02 April 2013

Shadow and Bone - Leigh Bardugo

I’m pretty sure I thought this book and The Book of Blood and Shadow were the same for a long time. Oops.

SO! There's a story, and it's not that one! Alina is an orphan and a soldier in the Border Wars army, along with her best friend Mal who, of course, never notices that she’s a girl with feeeeeeelings. Specifically, feelings for him. Men!

Good call, Liz. 

There’s this thing in their homeland called The Fold, and it’s basically a wide piece of hell full of darkness and scary harpy-like creatures that have been known on occasion – every occasion – to try to kill anything human that tries to cross it. Alina’s division tries this journey because the coast is on the other side and it’s not really clear why, but during the battle Mal gets hurt and Alina’s long-hidden power presents itself: she can push back the darkness, possibly eventually enough to destroy The Fold and reunite the country.  Hurrah! But she is only a teenager and already behind in her studies of... magic stuff... because she's been busy kicking ass instead.

And then The Darkling, whose very TITLE screams BAD GUY but does anyone notice? NO, takes her to his little palace to help her learn how to use her power at something like a school for magic people, but since she’s the only one of her kind and he’s the only one of his kind, she falls for him a little right before Alina realizes that The Darkling is an anagram for King Lard (not really but it is) and runs away because he wants to control her. Seriously, MEN!  Always trying to make the ladies put their lights under bushels!

Alina runs away and meets up with Mal in the woods, there’s a bit about a stag with magical antlers, and then the end happens which I won’t spoil for you because I’m nice.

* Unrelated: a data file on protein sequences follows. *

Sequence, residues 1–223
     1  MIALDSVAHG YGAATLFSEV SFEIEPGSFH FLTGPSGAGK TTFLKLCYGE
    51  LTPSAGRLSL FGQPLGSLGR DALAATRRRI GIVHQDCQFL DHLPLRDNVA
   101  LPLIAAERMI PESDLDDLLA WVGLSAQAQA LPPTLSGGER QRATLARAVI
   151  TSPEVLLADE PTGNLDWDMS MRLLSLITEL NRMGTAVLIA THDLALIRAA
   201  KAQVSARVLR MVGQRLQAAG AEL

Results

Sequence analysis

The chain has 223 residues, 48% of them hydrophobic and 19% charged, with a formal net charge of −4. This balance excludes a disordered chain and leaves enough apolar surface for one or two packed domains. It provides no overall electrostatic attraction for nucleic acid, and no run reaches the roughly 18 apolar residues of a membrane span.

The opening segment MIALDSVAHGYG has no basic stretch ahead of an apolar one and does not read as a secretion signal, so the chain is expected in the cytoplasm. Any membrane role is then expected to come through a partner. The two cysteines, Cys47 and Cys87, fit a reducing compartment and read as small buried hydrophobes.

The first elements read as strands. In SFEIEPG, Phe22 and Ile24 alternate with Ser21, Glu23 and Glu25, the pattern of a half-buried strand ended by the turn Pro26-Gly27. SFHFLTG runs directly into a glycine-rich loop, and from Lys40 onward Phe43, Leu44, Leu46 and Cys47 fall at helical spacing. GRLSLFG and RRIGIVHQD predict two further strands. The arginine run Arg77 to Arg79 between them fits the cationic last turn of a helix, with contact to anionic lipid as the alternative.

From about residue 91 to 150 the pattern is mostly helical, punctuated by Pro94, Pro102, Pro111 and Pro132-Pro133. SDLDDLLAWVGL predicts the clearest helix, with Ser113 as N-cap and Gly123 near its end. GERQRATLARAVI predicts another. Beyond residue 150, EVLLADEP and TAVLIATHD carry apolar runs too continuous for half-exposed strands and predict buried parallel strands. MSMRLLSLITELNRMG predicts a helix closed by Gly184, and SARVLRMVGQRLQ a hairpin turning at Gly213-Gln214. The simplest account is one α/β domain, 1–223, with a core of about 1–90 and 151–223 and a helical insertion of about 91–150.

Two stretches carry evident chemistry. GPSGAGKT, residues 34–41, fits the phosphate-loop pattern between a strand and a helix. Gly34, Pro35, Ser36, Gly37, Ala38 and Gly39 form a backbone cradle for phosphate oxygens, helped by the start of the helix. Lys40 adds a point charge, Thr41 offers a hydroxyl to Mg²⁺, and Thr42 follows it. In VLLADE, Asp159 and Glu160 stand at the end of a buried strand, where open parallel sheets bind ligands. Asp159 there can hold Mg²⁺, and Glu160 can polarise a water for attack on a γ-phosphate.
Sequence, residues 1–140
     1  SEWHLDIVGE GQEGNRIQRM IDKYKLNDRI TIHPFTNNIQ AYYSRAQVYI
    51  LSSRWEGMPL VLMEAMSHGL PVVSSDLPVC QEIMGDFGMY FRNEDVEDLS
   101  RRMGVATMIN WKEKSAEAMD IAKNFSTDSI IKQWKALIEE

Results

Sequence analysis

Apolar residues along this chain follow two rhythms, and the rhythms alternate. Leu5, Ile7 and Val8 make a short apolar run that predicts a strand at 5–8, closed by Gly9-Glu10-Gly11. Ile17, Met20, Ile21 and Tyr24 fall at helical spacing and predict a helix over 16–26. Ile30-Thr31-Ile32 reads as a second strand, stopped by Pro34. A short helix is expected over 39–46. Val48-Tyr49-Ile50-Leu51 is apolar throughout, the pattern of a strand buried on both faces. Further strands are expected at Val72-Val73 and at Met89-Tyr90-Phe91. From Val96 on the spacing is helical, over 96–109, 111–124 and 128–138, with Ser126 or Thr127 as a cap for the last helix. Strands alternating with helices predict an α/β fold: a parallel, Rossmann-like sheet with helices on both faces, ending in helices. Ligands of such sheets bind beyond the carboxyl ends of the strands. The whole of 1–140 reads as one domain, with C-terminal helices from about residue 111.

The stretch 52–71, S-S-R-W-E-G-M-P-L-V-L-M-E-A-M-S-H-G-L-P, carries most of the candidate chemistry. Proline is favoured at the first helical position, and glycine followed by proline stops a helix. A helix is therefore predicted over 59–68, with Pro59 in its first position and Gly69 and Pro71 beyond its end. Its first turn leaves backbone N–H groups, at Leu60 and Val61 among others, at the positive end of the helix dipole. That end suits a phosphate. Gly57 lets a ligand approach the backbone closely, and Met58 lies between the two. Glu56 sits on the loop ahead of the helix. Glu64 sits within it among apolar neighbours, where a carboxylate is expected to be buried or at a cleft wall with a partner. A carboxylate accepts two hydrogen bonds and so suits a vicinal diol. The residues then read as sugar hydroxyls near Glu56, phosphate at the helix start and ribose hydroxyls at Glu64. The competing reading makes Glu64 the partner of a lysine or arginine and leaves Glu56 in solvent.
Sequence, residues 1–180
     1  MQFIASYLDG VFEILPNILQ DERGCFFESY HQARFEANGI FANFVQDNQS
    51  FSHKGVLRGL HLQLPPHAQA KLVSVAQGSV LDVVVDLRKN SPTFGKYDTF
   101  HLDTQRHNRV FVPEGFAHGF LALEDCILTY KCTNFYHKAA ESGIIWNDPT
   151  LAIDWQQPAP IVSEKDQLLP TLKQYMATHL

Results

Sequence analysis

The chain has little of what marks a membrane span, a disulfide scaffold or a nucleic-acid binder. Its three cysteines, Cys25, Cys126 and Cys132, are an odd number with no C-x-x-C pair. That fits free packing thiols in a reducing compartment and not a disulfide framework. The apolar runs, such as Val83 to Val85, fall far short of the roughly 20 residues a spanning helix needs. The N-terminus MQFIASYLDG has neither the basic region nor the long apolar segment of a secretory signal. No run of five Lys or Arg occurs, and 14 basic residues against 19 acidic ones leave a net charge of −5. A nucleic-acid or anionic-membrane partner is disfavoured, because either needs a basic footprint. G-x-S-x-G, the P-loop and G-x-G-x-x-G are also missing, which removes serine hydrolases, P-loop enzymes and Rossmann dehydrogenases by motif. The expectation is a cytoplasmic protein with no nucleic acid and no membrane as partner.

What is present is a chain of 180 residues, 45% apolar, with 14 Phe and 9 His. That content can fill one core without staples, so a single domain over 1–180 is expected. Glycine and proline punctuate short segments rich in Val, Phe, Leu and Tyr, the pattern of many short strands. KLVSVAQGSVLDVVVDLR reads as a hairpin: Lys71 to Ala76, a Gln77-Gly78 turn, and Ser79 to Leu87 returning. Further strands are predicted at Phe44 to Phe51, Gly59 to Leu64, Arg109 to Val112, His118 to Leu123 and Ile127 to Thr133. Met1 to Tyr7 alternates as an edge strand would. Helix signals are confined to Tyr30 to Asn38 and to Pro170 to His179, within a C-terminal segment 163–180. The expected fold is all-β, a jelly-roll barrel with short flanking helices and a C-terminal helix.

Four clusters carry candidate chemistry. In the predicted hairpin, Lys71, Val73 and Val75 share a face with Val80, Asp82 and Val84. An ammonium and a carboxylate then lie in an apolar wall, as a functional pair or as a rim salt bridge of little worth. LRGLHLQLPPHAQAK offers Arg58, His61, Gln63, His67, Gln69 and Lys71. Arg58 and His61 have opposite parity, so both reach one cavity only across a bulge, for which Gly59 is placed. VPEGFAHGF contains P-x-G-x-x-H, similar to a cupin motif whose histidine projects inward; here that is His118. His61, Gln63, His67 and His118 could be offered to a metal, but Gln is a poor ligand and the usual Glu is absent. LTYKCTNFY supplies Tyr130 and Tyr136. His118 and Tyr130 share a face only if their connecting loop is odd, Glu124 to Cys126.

The front of this book trumpets, “Unlike anything I’ve ever read.” – Veronica Roth, Author of Divergent. On the flip side, if goodreads is to be believed Bardugo did about .35 hours of research into Russian Naming Conventions and Onion Domes before basing her world squarely in Mother Russia + Magicland. Here’s the thing: if Ms. Roth hasn’t ever read anything remotely like this before, then she doesn’t read enough, although that seems to have worked out pretty well for her own writing since she's wicked popular and all (MORE ON THAT LATER...). A second thing is: goodreads people are ridiculous. It’s a fantasy world, and while it may be based on Slavic culture, it’s pretty much the prerogative of the author to change things as she sees fit. Regular WASPy people wouldn’t be throwing a fit if the author had co-opted some Traditionally Western Stuff for her setting, so if you’re either 1) basing your knowledge of Russian culture on a fantasy novel or 2) not smart enough to figure out that this is FICTION, then you have bigger problems and should probably read a nonfiction book or Wikipedia or something.

Rant-y ran rant rant.

Anyway, this was interesting and the world was, for my money, very prettily realized and richly populated. I will pick up book 2 when the Internet starts jumping up and down about it, and I will hope for the best.

7.5 out of 11 Pseudo-Russian Patronymics